You’re with people for 24 hours a day. The people that I was around basically figured out that I was gay—I wasn’t talking about my wife or girlfriend—and I didn’t deny it. Some of my friends were like, “We know you’re gay...but it’s all right.”

I had an easier time, probably, than most gay guys there. Nobody ever tried to rape me, not that I’m aware of, at least. And although I never saw rape, it was always the unspoken reality, an imminent danger. The older convicts would say things like, “Man, they’re gonna take him back in the shower and take that ass.” People were always talking about it like it was just about to happen.

At Rikers, homosexuality isn’t accepted but forcible gay sex is. People are looked down upon for what they are, while rape is treated as just the way it is. I’m not sure that the concept of irony is something that’s ever discussed in jail.

When you’re in there, your brain changes. You’re always hyper-vigilant. I slept with my shoes on because you can fight better if you have traction on your feet. I never knew when I was going to have to wake up and fight.

I got jumped twice. The first time was five Bloods. I have no idea why they wanted to target me, unless it was related to me being gay. They called me “faggot” several times: “Take that faggot,” while they were stomping me. I think my sexuality was what the attack was related to, but also “faggot” is a word that’s thrown around a lot.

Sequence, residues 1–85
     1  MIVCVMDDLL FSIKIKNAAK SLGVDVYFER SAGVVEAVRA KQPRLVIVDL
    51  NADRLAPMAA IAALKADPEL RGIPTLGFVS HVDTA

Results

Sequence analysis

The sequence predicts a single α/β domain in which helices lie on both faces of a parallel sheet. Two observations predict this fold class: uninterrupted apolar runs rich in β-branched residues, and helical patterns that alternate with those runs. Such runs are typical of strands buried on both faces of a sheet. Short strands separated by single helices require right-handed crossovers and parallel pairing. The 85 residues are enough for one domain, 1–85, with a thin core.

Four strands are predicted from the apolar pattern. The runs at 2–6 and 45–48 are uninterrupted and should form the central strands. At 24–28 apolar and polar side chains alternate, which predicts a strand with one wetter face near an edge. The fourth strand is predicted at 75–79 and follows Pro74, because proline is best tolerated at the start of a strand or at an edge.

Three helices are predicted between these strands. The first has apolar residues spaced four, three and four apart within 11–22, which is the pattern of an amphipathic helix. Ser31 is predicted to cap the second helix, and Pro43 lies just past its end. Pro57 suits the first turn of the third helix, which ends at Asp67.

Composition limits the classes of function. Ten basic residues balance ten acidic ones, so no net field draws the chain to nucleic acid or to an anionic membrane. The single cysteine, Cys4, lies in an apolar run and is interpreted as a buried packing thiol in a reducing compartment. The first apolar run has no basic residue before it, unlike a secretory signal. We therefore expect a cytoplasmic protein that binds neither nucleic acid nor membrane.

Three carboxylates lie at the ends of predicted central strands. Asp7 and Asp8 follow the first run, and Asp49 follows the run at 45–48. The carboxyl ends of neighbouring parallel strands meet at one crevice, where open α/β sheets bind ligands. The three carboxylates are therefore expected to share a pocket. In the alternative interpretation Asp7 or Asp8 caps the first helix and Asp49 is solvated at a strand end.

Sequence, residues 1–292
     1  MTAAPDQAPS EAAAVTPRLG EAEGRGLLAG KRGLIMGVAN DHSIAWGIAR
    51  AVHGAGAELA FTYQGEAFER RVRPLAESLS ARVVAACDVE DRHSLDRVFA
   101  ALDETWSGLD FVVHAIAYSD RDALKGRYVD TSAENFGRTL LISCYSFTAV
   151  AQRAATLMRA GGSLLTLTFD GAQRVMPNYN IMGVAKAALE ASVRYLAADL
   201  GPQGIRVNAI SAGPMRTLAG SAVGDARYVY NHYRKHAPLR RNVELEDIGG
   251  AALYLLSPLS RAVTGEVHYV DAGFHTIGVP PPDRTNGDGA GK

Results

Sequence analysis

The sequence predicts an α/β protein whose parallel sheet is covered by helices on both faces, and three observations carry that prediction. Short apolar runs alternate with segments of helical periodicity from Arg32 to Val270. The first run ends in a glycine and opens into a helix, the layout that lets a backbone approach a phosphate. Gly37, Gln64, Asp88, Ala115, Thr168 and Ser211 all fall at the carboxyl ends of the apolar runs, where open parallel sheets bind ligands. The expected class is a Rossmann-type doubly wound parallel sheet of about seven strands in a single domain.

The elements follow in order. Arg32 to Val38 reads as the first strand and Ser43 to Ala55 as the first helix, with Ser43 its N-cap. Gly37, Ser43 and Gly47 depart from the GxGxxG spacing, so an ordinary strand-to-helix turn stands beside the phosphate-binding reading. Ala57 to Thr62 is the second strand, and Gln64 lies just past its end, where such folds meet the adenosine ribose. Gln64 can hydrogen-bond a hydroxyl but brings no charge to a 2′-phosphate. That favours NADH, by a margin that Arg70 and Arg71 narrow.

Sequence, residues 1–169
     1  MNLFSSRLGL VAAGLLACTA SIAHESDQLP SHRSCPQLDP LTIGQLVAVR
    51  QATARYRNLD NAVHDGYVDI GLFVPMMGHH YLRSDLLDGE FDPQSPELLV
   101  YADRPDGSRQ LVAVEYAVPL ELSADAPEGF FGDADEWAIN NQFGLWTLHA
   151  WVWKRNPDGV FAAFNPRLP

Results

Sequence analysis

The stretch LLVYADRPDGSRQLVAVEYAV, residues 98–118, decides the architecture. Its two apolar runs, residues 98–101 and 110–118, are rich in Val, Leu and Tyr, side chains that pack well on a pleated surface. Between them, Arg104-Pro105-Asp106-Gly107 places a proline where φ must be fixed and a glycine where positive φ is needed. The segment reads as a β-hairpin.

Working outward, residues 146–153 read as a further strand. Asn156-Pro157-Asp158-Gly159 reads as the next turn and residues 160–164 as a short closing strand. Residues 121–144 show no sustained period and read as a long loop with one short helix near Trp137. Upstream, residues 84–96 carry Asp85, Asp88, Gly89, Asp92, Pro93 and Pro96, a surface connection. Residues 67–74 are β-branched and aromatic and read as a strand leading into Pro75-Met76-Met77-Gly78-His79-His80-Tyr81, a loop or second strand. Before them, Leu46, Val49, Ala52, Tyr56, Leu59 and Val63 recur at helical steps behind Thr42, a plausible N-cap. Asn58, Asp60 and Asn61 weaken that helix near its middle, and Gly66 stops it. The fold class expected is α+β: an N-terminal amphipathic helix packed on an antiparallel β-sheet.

It happened when I was visiting the clinic because I had a cold or something. There was a small group of about five people there already gathered there. I could tell the guys were really familiar with the guard. They knew each other’s names and they were talking. Both times I was jumped, there were guards present, but the guards are involved with the gangs. Many of them are members. Most of the guards come from the projects. They’ve grown up next door to the people in gangs. You hear, “This guard’s a Blood;” “this guard’s a Crip;” “this guard’s a Latin King.”